A 46-year-old Japanese male patient with a medical history of severe intellectual disability and epilepsy was admitted to a support facility for persons with disabilities. The patient fell down and struck his chin in January 2020. Even before the injury, the patient had problems with verbal communication. He was self-reliant in performing activities of daily living and experienced no swallowing difficulty before the injury. He had been consuming normal food before the injury. He received treatment with carbamazepine 800 mg/day, risperidone 6 mg/day, chlorpromazine phenolphthalinate 300 mg/day, lorazepam 3 mg/day, sodium valproate 1000 mg/day, magnesium oxide 1000 mg/day, and flunitrazepam 2 mg/day. He was initially referred to another hospital and was diagnosed with mandibular fracture. Hence, open reduction and internal fixation (ORIF) was considered. However, the patient should be treated first at a psychopathic ward. Next, he was referred to another university hospital because of a significant risk of self-mutilation. However, the psychiatric ward was full. Finally, he was referred to our department and was accompanied by his mother and facility staff, 10 days after sustaining the injury. Clinical examination at the initial visit revealed productive cough and sialorrhea. In addition, there was conspicuous oral contamination with phlegm. The patient could not close his mouth because of anterior open bite and a significant gap between the left lower first and second premolars (Figs. 1 and 2). Panoramic radiography and computed tomography (CT) scan revealed left mandibular body and right condylar head fractures (Figs. 3 and 4). Moreover, chest radiography and CT scan showed infiltrative shadow in the lower lobe of both lungs. Blood tests had the following results: white blood cell count of 15,400/μL (normal range 3900–9800/μL) and C-reactive protein level of 14.74 mg/dL (normal range 0.00–0.50 mg/dL). He was diagnosed with mandibular fracture and aspiration pneumonitis and was admitted to the medical psychiatric unit (MPU) of our hospital. He had eaten liquid food before admission to our hospital, and a feeding tube was inserted at the time of admission to ORIF. After receiving ampicillin/sulbactam 12 g/day for 5 days for aspiration pneumonitis, ORIF using the submandibular approach for left mandibular body fracture was performed under general anesthesia, 16 days after sustaining the injury. Then, normal occlusion was achieved (Figs. 5, 6, and 7). The patient received conservative treatment for right condylar head fracture. Although oral intake was resumed a day after surgery, he could not properly swallow a jelly, and enteral feeding via a nasogastric tube was again required. Videoendoscopic examination of swallowing was performed by a nutrition support team 2 days after surgery. Results showed significant saliva retention at the epiglottic vallecula and piriform fossa (Fig. 8). Moreover, delayed elicitation of pharyngeal swallowing and poor transfer from the oral cavity to the pharynx were observed. The jelly was transferred from the oral cavity to the pharynx by gravity. He was then diagnosed with postoperative dysphagia owing to disuse atrophy of muscles for swallowing. Although oral care, thermal–tactile stimulation, and cervical range of motion training were continued, adequate dysphagia rehabilitation, including direct and indirect training, could not be facilitated. Re-evaluation of swallowing function was performed 21 days after surgery. However, there was no improvement in postoperative dysphagia. Practically, test of swallowing thickened water as a direct training was performed. Choking and wet hoarseness were not observed. However, an abnormal swallowing sound was heard, and most of the jelly was aspirated from the pharynx after swallowing. Therefore, percutaneous endoscopic gastrostomy was performed 23 days after surgery. Then, the patient was transferred to the original support facility for persons with disabilities 52 days after surgery. Medical restraint was recommended by psychiatrists and the MPU staff to prevent heavy self-mutilation and harming medical staff during hospitalization according to the Act on Mental Health and Welfare for the Mentally Disabled (Japanese Mental Health Law).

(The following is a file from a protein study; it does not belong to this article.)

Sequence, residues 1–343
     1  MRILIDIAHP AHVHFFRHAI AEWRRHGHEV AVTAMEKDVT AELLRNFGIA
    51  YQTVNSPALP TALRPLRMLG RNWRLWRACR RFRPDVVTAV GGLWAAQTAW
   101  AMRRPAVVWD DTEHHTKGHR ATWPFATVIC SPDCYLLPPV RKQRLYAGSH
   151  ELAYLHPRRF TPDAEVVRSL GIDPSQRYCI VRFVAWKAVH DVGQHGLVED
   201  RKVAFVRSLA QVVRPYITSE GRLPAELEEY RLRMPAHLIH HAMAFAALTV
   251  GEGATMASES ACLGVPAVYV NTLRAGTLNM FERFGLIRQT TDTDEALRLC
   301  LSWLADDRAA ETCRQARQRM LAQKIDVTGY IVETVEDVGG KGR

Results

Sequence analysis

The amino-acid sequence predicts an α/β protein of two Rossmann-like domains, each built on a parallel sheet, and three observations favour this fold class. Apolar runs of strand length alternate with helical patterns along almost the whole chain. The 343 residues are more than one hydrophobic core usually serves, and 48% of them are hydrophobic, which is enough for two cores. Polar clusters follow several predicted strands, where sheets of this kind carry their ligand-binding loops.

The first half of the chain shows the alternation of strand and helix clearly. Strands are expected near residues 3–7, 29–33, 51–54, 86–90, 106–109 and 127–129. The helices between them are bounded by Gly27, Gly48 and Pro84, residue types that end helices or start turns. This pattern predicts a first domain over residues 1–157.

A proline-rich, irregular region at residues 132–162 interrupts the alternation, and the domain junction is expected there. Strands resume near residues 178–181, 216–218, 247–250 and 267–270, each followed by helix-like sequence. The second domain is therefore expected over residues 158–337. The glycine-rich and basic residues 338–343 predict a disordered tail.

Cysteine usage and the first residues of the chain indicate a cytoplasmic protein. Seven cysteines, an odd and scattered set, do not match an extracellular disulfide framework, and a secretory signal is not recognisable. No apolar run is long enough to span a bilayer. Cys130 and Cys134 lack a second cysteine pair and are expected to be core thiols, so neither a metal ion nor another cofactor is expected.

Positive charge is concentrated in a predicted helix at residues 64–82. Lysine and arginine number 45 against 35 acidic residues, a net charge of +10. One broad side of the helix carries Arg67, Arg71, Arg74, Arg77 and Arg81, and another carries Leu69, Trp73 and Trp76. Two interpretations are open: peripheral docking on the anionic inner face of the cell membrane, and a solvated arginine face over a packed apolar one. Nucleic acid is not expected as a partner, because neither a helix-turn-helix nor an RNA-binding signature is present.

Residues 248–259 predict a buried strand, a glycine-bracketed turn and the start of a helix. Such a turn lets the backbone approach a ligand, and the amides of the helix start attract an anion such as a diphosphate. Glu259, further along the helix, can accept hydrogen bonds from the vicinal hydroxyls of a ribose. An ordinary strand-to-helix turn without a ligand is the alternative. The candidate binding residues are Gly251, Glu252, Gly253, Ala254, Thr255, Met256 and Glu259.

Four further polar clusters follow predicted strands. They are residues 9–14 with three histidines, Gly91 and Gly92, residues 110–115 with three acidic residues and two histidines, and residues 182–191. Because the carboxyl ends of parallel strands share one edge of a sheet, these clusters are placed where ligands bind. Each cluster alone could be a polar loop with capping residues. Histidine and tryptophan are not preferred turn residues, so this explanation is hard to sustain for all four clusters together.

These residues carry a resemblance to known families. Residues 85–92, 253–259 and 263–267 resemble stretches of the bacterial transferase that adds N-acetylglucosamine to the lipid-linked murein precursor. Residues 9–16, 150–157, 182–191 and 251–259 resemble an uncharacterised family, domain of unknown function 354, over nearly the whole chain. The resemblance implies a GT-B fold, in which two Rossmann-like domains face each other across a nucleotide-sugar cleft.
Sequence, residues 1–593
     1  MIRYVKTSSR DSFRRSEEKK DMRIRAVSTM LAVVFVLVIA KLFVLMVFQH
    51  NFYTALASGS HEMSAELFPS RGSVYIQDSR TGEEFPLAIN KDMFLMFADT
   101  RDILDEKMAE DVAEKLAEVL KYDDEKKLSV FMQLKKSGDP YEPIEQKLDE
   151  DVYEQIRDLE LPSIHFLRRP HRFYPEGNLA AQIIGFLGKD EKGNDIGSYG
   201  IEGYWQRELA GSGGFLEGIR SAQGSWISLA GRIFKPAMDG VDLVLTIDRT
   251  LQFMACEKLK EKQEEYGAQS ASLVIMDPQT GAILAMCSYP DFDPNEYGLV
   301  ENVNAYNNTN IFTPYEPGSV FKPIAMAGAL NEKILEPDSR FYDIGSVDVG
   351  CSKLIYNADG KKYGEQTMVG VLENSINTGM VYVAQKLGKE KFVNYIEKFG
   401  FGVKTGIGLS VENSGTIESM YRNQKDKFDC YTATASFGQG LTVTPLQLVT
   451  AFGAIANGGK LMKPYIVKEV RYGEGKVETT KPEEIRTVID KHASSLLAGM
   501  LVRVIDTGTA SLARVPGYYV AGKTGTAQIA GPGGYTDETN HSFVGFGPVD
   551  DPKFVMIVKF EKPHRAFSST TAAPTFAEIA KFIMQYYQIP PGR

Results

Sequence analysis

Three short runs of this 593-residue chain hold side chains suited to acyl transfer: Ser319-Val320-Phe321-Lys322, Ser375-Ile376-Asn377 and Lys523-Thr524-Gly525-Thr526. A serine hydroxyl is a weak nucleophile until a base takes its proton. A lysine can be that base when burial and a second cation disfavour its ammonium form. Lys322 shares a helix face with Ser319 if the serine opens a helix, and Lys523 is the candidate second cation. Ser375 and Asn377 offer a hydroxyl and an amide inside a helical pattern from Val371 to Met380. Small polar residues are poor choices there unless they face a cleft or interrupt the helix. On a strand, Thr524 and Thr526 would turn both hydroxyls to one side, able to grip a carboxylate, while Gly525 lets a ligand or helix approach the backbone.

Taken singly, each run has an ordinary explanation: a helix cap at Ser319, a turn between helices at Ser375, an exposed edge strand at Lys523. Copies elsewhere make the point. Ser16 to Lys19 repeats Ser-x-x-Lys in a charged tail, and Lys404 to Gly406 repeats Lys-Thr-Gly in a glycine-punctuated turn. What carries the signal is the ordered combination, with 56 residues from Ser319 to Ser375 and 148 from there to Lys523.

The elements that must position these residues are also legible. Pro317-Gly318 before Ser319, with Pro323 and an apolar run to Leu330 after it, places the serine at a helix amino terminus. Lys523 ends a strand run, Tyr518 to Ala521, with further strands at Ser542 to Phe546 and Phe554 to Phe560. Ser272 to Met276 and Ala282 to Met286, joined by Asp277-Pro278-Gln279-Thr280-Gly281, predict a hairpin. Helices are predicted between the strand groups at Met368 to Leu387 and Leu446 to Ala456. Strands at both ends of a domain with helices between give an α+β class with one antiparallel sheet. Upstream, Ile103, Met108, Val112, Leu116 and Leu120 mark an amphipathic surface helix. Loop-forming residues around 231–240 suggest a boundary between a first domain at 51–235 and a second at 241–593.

To the best of our knowledge, this is the first described report of a case of postoperative dysphagia caused by a delay in mandibular fracture treatment. The findings in this case have two important implications. First, postoperative dysphagia caused by disuse atrophy may occur if treatment is delayed in severe mandibular fracture. The postoperative complications of mandibular fracture include malocclusion, infection, nonunion, osteomyelitis, and sensorial mental nerve dysfunction [5,6,7,8]. Previous studies did not show any significant correlation between complications arising during treatment of mandibular fracture [6, 8]. Patient’s comfort and well-being, as well as any psychological effects caused by disfigurement of unrepaired mandibular fractures, should be considered with a reasonable length of treatment delay . In fact, most patients received treatment within 2–4 days after injury . In the study of Patrocinio et al. , about 73% of patients were treated within the first week, and 14% were managed after 15 days or more. In this case, ORIF was performed 16 days after the accident because of difficulties in securing a psychiatric bed and treatment for aspiration pneumonia prior to ORIF. Ohba et al.  reported a case of aspiration pneumonia accompanied by impaired swallowing function owing to a double mandibular fracture. The symptoms of aspiration pneumonia improved immediately after surgery. Hence, open reduction should be performed immediately to prevent aspiration pneumonia caused by swallowing dysfunction. In this case, long-term open bite attributed to severe mandibular fracture caused sialorrhea and aspiration pneumonia via decreased swallowing function. Interestingly, Shimizu et al.  assessed the geniohyoid muscle via ultrasonography perioperatively in patients who underwent thoracotomy and laparotomy. Results showed that muscle atrophy due to surgical invasion or disuse may occur in the deglutition muscles, as in the limb muscles. Furthermore, muscle atrophy can develop in the early postoperative period and can persist even after 2 weeks from surgery. In the case of symphyseal, parasymphyseal, or condyle fracture, deviation of the mandible is mild because both side mastication muscles are balanced. On the other hand, in the case of mandibular body or angle fracture, the masseter, medial pterygoid, and temporalis muscles contribute to the superior and medial displacement of the proximal segment. Furthermore, digastric, mylohyoid, and geniohyoid muscles contribute to the inferior displacement of the distal segment. Therefore, there is higher risk of atrophic dysphagia by the local neuromuscular misbalance owing to significant gap between proximal and distal segments. In this case, normal occlusion was achieved via ORIF, and severe mandibular fracture (that is, structural disorder) was managed. Nevertheless, disuse atrophy (that is, functional disorder) occurred during the time between falling and ORIF, and dysphagia was still observed after surgery. The reserved capacity is reduced among elderly individuals and those with severe intellectual disability [11, 12]. Thus, not only structural disorder but also functional disorder should be considered in planning the treatment for severe deviated mandibular fracture.